Philly is getting yet another pedigreed chef.
Gregory Vernick, who spent most of his career in the Jean-Georges Vongerichten orbit, follows such recent imports as Joshua Lawler of The Farm & Fisherman (ex-Blue Hill at Stone Barns), Walter Abrams of Le Bec-Fin (ex-French Laundry), Andrew Wood of Russet (ex-San Francisco's Quince and Chicago's Tru), Joe Cicala of Le Virtu (ex-Galileo and Cafe Milano in D.C. and Del Posto in New York), and Sylva Senat of Tashan (ex-Jean-Georges, by way of Buddakan)
He's saying "spring," which my calendar says ends in mid-June.
Vernick and his wife, Julie, are going for unfussy comfort and have modeled their restaurant - which has modern "bones," rustic touches and an open kitchen - after Euro cafes they frequented. Large windows open out onto Walnut Street. A 10-seat bar made of slate with stained concrete top and high-top cocktail tables give way to an intimate dining room with partially exposed brick walls and a seven-seat chef's counter. The second-floor dining room has floor-to-ceiling windows and photos from the couple's travels.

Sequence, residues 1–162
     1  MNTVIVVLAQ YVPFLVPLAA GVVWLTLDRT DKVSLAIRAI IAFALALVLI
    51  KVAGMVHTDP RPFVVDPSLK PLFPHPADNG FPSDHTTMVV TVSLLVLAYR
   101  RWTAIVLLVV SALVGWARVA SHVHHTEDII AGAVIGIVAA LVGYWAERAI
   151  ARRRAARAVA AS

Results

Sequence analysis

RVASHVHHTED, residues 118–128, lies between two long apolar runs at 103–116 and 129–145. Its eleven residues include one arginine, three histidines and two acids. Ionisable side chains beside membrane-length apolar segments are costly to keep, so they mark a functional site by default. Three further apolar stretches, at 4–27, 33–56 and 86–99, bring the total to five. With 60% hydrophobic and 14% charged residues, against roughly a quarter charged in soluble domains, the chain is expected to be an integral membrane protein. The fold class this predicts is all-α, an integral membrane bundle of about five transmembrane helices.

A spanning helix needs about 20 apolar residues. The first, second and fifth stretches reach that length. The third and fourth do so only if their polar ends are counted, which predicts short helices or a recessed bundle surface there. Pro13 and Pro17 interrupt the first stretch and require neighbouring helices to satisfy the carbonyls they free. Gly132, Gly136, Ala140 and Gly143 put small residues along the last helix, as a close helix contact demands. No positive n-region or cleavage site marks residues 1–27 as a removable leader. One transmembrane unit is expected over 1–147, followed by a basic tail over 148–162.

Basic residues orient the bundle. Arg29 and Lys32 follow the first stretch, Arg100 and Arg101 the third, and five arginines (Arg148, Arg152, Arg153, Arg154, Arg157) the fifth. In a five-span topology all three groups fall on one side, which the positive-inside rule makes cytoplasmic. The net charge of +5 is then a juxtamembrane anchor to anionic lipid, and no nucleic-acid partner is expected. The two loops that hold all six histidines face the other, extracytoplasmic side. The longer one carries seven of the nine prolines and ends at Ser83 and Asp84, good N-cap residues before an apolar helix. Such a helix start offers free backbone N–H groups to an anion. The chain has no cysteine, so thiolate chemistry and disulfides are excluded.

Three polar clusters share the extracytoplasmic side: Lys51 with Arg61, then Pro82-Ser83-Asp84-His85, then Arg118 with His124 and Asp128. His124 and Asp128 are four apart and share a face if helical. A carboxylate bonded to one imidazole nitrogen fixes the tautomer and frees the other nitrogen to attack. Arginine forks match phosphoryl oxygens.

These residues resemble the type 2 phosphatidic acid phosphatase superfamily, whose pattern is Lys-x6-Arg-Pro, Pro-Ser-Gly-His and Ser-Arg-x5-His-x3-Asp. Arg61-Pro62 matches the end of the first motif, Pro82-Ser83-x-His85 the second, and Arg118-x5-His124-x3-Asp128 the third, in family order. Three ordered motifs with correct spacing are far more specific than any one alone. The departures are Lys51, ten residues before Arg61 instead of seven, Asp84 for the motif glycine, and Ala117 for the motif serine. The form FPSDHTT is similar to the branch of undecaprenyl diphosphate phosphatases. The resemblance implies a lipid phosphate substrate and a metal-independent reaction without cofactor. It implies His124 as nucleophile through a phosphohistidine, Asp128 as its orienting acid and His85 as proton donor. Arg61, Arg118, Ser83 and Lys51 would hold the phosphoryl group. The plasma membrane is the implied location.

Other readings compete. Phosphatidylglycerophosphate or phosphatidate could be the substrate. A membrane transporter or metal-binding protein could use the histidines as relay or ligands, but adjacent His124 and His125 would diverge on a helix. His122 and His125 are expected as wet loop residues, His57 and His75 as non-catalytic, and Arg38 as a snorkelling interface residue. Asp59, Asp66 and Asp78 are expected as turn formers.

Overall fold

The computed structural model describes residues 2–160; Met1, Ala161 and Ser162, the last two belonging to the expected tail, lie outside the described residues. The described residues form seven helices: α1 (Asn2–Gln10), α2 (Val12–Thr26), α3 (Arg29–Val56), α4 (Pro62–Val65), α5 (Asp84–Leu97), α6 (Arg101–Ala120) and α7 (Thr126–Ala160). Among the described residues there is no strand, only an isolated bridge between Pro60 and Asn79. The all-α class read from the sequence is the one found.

The menu will run the table from snacks to sharable family-style entrees, priced $5 to $26. Examples: charred spinach and leek toast; beef tartare with gaufrettes; ocean trout with crispy skin and chili; house-made mozzarella with rhubarb jam and sea salt; hand-cut buckwheat pasta with broccoli rabe, spring garlic and lemon; and a seafood and shellfish roast. Prices will range from $5 to $26. Alcohol prices will be reasonable, and he will make his own soda.